Cinema Studies - Fall 2013
ART 241A Introduction to Photography
This course introduces students to traditional black and white photographic techniques. Instruction covers the understanding and use of a 35mm SLR camera and its functions, the process of developing black and white negatives and creating black and white 8x10 prints. Some areas of photographic capture covered: depth of field control, motion control, portraiture and experimental approaches. Basic digital image editing will also be explored. This course is intended to be the introductory course to the photography concentration for the Department of Art. It is also a course designed for students who want an introduction to the medium as part of a broad liberal arts experience. A $250.00 chemistry/supplies fee and a $50.00 camera/tripod rental fee are required for the course.
ART 280 History of Photography
From the very first imaging methods to the latest in contemporary ideas, this course spans over 180 years of photographic history. A thorough survey of artists, genres, technologies and themes is explored, with a special emphasis on how photography has been a perpetual partner with modern history the development of cinema and methods of global communication.
CINE 200 Introduction to Cinema Studies
Cinema Studies 200 will introduce you to cinema as an art form and as an industry. The course will help you learn a technical vocabulary for the expressive elements of film, including mise-en-scène, cinematography, editing, and sound, among others. Cinema Studies 200 is also intended to provide an overview of how cinema has developed as a medium and as an industry and to provide an overview of genres and types of film, including narrative, documentary, animated, short films, etc. Moreover, the course traces major trends and movements in international film, focusing, as time allows, on sample national cinemas. This course also briefly introduces major concepts in film theory. In general, Cinema Studies 200 approaches film in its capacity to shape and reflect our values and beliefs, as an art form deeply embedded in its culture. The course will also begin to familiarize you with analytical approaches to film and to effective strategies for writing about cinema in a number of genres, including the film review, shot by shot analysis, and researched essays on cinema. In the course you will also briefly examine the study of television and select other digital media. Finally, in Cinema Studies 200 you can prepare for more advanced study in cinema and media studies and foster a deeper appreciation for cinema as an art form and as a powerful cultural force.
CINE 270 Film Language in the Curriculum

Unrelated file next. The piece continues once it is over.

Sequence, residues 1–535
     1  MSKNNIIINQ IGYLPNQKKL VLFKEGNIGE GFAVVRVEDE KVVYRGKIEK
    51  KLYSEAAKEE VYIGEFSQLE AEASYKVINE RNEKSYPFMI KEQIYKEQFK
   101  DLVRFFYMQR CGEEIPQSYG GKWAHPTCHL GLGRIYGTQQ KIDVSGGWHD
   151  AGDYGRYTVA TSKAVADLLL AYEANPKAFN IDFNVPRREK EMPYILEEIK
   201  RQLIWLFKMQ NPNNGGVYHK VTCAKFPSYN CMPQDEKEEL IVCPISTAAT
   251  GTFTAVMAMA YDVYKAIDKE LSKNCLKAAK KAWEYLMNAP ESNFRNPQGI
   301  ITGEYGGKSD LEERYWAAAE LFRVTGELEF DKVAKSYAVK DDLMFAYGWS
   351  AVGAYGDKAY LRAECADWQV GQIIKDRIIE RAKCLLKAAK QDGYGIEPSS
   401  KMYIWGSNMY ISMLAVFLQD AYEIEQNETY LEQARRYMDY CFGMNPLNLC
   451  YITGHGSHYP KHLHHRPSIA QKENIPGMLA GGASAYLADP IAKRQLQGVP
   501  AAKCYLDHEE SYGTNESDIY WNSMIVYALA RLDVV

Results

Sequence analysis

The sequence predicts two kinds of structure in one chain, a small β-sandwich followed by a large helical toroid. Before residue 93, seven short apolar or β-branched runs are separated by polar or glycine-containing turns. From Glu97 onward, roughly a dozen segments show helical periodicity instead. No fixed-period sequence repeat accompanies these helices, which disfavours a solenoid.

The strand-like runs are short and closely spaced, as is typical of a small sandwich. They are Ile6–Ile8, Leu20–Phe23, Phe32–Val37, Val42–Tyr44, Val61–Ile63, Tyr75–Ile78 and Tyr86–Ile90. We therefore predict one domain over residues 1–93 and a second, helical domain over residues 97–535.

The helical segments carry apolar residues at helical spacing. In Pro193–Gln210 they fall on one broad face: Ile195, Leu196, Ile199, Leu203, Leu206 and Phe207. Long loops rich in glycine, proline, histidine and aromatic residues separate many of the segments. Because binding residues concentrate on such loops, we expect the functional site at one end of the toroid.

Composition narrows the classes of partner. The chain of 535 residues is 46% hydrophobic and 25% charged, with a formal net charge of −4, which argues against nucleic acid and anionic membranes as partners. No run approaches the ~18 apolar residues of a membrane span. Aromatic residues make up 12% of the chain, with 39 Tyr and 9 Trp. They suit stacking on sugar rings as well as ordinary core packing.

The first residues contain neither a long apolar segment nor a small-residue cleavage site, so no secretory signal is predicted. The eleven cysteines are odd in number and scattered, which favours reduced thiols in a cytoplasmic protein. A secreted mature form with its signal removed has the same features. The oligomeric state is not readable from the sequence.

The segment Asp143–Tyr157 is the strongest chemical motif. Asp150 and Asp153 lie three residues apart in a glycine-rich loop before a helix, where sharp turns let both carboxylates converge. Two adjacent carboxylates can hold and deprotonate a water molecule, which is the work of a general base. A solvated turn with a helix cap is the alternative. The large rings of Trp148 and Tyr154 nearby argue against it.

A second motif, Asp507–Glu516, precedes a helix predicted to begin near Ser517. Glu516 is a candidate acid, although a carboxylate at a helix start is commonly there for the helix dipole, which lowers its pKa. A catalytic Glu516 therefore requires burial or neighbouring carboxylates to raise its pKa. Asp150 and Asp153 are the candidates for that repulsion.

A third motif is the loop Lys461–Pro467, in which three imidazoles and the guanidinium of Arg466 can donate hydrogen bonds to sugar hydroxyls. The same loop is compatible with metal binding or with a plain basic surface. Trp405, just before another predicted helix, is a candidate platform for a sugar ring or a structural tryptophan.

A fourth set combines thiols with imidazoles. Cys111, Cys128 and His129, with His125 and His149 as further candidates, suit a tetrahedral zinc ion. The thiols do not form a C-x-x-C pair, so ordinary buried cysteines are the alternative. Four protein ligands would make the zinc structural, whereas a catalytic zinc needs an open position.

Prerequisite: CINE 200.
FLIC modules accompany selected courses in several disciplines presenting students with the opportunity to do additional research in Cinema Studies and earn credit for that work. Students will work with a faculty member from the Cinema Studies minor to design and complete a project that expands on a course topic, working in conjunction with a professor who has agreed to work with the FLIC module. Students must register both for a course offering the FLIC option and for the FLIC module. FLIC modules allow students the opportunity to enrich their learning by acquiring interdisciplinary perspectives on film and television. This course may be repeated for credit, but no more than four semester hours may be counted for the minor.
COMM 350 Animation: History and Analysis
Prerequisites: CINE 200 or COMM290S or permission of instructor.
This course examines the history of animation and applies critical frames to the analysis of its artifacts. Our review of the art form’s development stretches from its prototypical roots as a novelty in the late nineteenth and early twentieth centuries through the era of Hollywood studios as major producers on to the development of television animation and ultimately computer generated imaging. We will investigate shorts, features, and television series, considering how they communicate ideas through the language of animation and how they reflect and affect the culture around them. Topics of discussion will include the rise of the major studios (e.g., Disney), the arrival of anime in America (e.g., Akira), and the influence of Saturday morning programming blocks on television. Students will have the opportunity to analyze meanings and the techniques of meaning making in artifacts ranging from Felix the Cat and Snow White to South Park and Adventure Time.
SPAN 263 Film and Social Change
Prerequisite: SPAN 112F, 150F or 200 level placement.
This course introduces students to film from Spain and Latin America that intersect with social and historical transitions. Students will explore the cultural context of each film, analyze major themes, and discuss the role of film as a reflection of and catalyst for social change. The course will focus on aiding students in developing language skills for description and reporting. Along with the practice/development of their language skills, students will learn basic principles of cinematic analysis and language.